Bioinformatics: A Practical Handbook of Next Generation Sequencing and Its Applications
Several years ago, when the first draft of the human genome was being completed, I decided to focus my efforts on the study of pathogen genomes. Armed with a background in software engineering, one of the first things that preoccupied me was a problem that loomed on the horizon and had little to do with the fascinating biology that was emerging from the study of genomes. It was already clear that, in order to study genetic variations, their effects on phenotype, and their epidemiological dynamics, it would be necessary to collect massive amounts of data, far more than most of us could actually handle. The question was not so much whether storage or processing capabilities would be sufficient — Moore’s Law had accustomed us to rapid growth in computing power, and I was confident these technical challenges could be met. The critical question was whether the people who would be analysing these data would have sufficient know-how and resources to handle these large quantities of data, and extract the knowledge they needed. To be sure, the same problem was faced by companies that needed to build search engines, hotel booking systems, web-based ratings software, and all the services based on what we now call “big data”. But genomics looked like a problem that could not be tackled by computer scientists alone. Biologists had to be empowered to handle scary amounts of data.
Those issues were evident even before whole-genome sequencing was revolutionized by the next-generation sequencing (NGS) technologies introduced by companies such as Solexa (now Illumina). Today, the MalariaGEN genomic epidemiology project on which I work (malariagen. net/projects/p-falciparum-community-project) comprises the genomes of Plasmodium parasites from almost ten thousand clinical samples, each backed by several gigabytes of short-read sequencing data — far more data than I would have predicted a few years ago. And yet, the knowledge gap has not been properly filled: if anything, it has become increasingly harder for life scientists and clinicians to effectively process such massive quantities of data, and many projects rely on collaborations with informatics specialists who often have limited expertise of the biological domain. In the light of these difficulties, I give full credit to Lloyd Low and Martti Tammi for making a significant contribution towards filling the gap. What they have produced is a very practical guide, part reference and part tutorial, that will be appreciated by many life scientists for its direct and straightforward approach. Crucially, the content of this book is based on years of teaching experience, and “fine-tuned” by keeping in mind the difficulties routinely faced by those learning how to deal with NGS data. It contains a useful toolkit of techniques and practices using some of the most popular tools in use, such as BWA, samtools and so on. The material covered in this book will support a broad range of applications: the final chapter suggests some possibilities, but clearly each reader will have to tackle challenges unique to their own areas of study, and this work will serve as a base on which to build further techniques. Commendably, it promotes the definition of a well-organized analytical workflow, and gives prominence to the quality aspects of genomics work — hugely important and frequently underestimated.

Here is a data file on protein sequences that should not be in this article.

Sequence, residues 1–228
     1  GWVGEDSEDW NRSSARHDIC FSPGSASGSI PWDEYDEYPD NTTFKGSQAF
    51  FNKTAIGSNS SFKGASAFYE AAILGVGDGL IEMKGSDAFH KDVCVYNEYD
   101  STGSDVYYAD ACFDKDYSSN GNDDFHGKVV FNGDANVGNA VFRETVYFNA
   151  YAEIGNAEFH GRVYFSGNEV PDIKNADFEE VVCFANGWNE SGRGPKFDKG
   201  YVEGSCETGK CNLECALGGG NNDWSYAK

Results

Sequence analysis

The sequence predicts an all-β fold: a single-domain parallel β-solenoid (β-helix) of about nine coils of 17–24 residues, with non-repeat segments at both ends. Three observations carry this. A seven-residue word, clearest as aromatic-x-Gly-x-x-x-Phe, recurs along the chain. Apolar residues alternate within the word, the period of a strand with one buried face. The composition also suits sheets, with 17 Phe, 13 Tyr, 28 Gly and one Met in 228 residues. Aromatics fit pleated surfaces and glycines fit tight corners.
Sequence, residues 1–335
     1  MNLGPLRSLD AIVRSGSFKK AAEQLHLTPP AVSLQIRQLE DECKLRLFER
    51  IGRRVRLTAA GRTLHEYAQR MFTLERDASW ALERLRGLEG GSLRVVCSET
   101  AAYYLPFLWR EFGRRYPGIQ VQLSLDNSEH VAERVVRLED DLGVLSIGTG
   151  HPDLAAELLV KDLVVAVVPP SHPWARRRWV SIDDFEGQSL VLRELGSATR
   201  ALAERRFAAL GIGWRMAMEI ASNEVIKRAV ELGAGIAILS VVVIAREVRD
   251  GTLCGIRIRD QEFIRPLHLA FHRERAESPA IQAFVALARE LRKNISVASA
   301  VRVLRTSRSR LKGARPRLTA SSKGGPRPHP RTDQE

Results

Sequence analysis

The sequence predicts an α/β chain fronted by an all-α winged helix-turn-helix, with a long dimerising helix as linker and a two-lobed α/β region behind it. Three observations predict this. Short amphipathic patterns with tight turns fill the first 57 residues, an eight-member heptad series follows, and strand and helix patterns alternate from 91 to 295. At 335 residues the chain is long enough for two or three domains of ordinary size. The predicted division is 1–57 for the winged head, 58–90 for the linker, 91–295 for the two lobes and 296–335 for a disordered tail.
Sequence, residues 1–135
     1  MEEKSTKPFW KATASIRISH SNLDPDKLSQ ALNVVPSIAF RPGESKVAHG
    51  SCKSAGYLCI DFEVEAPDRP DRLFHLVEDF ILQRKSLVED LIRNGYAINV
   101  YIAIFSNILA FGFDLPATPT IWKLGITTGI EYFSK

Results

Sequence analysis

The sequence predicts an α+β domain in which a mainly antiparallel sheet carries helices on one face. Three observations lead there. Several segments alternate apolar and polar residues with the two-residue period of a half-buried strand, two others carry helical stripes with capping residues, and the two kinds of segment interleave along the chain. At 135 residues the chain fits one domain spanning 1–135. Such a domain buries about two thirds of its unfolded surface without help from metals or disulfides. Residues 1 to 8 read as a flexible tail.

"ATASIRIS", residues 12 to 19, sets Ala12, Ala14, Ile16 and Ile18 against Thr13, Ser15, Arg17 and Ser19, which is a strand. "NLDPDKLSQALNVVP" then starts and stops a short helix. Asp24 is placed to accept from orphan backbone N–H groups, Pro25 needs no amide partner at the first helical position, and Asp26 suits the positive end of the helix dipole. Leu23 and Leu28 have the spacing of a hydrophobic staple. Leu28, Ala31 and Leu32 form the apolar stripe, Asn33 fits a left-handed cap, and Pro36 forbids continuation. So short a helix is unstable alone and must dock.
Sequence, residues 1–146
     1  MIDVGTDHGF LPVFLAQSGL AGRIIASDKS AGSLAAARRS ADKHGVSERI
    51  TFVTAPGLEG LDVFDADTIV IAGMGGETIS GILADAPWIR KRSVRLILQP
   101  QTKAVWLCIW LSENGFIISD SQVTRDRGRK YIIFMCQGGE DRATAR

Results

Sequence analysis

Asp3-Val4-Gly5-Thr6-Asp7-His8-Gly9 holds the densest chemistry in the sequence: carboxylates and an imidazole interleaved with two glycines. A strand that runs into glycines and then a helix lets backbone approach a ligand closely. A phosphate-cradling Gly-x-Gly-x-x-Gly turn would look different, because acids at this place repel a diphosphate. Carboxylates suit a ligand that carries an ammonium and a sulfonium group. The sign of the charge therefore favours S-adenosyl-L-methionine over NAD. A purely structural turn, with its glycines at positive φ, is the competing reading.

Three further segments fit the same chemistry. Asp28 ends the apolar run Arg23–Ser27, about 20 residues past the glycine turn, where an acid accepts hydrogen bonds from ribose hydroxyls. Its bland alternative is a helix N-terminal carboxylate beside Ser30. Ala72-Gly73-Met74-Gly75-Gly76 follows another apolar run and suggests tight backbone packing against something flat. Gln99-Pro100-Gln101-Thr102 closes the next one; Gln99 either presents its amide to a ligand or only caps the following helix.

Conducting a GWAS — or constructing a phylogeny — without first properly evaluating what data to rely upon and what to discard will invariably lead to useless or false results. It is therefore essential to instil high standards of quality into the mind of students and anyone undertaking genomic analyses.
I wish all readers all the best in their endeavours in this complex field, which I hope they will find rich in rewards.
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|November 2, 2017|
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